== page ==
Virtual ICUs: Big Investment, Bigger Returns

Gienna Shaw, for HealthLeaders Media , September 15, 2010
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Matthew McCambridge, MD, is chairman of critical care medicine at the three-hospital Lehigh Valley Health Network (LVHN) in Bethlehem and Allentown, PA, which uses an advanced ICU system to monitor about 120 ICU beds from 7 p.m. to 7 a.m.

An LVHN study compared the outcomes of 954 patients who received care in the ICU for 16 months prior to the remote ICU launch and 959 who received care from intensivist physicians using the remote ICU. Mortality dropped from about 21% to nearly 15%. In other words, McCambridge says, "for every 15 patients we admit, we're saving one additional life."

The LVHN remote ICU, which includes an EMR, a computer-assisted physician order entry system, medication bar-coding, and a picture archiving and communication system, costs about $1.7 million a year—an expense that is not reimbursed. But the three-hospital system breaks even, in part due to reduced mortality and length of stay and also because the network can admit more critical patients from eight surrounding hospitals—patients who continue to receive care at LVHN when they are discharged from the ICU, generating downstream revenue.

One reason the results of the LVHN study, which was published in the April 12 Archives of Internal Medicine, differed from those in the JAMA study was that LVHN uses a "closed" model, meaning the entire patient population is cared for by remote and on-site clinicians day and night, McCambridge says. In the JAMA study, physicians could choose whether to use remote caregivers—and about half chose not to. One reason for low adoption rates may have been that physicians and even nurses feel threatened or perceive that they?rather than the patients—are being monitored.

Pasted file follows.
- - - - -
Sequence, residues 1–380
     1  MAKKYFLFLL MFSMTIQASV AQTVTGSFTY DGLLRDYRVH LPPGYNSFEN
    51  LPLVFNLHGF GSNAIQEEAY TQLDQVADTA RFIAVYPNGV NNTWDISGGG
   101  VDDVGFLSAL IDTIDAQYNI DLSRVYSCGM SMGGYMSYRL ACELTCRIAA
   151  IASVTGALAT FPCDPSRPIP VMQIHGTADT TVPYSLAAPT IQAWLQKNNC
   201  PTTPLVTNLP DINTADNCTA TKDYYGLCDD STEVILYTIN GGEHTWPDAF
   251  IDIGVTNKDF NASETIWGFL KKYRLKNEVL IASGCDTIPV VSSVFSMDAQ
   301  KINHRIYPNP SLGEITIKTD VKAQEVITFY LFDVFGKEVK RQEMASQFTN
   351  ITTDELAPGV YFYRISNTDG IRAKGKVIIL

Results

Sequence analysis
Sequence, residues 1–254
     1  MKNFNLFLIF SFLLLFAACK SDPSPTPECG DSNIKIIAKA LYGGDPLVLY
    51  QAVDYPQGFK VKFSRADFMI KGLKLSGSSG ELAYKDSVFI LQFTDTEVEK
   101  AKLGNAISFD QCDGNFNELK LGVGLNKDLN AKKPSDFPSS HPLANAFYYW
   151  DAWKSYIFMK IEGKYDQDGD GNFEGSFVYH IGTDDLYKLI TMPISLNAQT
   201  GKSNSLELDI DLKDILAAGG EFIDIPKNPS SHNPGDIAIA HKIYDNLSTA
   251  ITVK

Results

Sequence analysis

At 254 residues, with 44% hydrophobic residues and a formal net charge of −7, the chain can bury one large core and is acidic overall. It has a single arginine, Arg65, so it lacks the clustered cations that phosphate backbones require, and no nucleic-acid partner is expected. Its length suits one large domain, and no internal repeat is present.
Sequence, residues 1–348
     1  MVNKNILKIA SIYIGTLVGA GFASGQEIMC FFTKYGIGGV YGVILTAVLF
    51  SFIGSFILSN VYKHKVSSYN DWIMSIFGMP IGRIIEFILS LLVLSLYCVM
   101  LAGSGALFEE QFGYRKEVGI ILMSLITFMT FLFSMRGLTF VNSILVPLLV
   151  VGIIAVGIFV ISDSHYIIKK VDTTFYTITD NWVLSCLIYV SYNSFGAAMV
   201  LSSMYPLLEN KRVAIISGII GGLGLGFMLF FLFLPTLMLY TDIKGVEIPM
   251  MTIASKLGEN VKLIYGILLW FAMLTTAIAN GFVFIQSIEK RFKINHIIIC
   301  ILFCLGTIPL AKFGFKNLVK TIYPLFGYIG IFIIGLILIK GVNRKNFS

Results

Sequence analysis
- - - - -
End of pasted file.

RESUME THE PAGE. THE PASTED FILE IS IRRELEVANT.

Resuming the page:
If a remote ICU program is to succeed, the teams "on the ground and in the air" must work together, says McCambridge and others. The patient must be the first, second, and third priorities, he says. "It doesn't matter what bells and whistles you put on top, the patients must be taken care of by the doctors."

Resurrection Health Care, a six-hospital system in Chicago, monitors 182 beds in five of its hospitals and one long-term actute-care facility as well as two other local hospitals. Rebecca J. Zapatochny Rufo, RN, eICU operations director, says another reason the JAMA study didn't show positive outcomes was that the ICU physicians in the study had a limited degree of treatment authority delegated to the eICU by the majority of attending physicians. The authors acknowledge that the lack of acceptance and integration are contributing factors to their undesirable results.

Rufo works closely with the organization's' medical director, Neil Rosenberg, MD, and enjoys "enormous" support from the organization's leaders "for the pure purpose of saving lives, enhancing quality, and driving organizational transformation for performance outcomes."

"Everybody has to share the same vision. [If] you have naysayers in the group, that's a problem," she says. "These are our coworkers and our peers that we work with and we partner together." 

Staff from several different departments?from nurses to dieticians to respiratory therapists—use the system.

 "We integrate from a multidisciplinary standpoint, at the bedside and in the ICU itself." She says. "The application is very dynamic. Everybody who touches the life of that patient needs to be involved. So everybody's got access to the same data fields."

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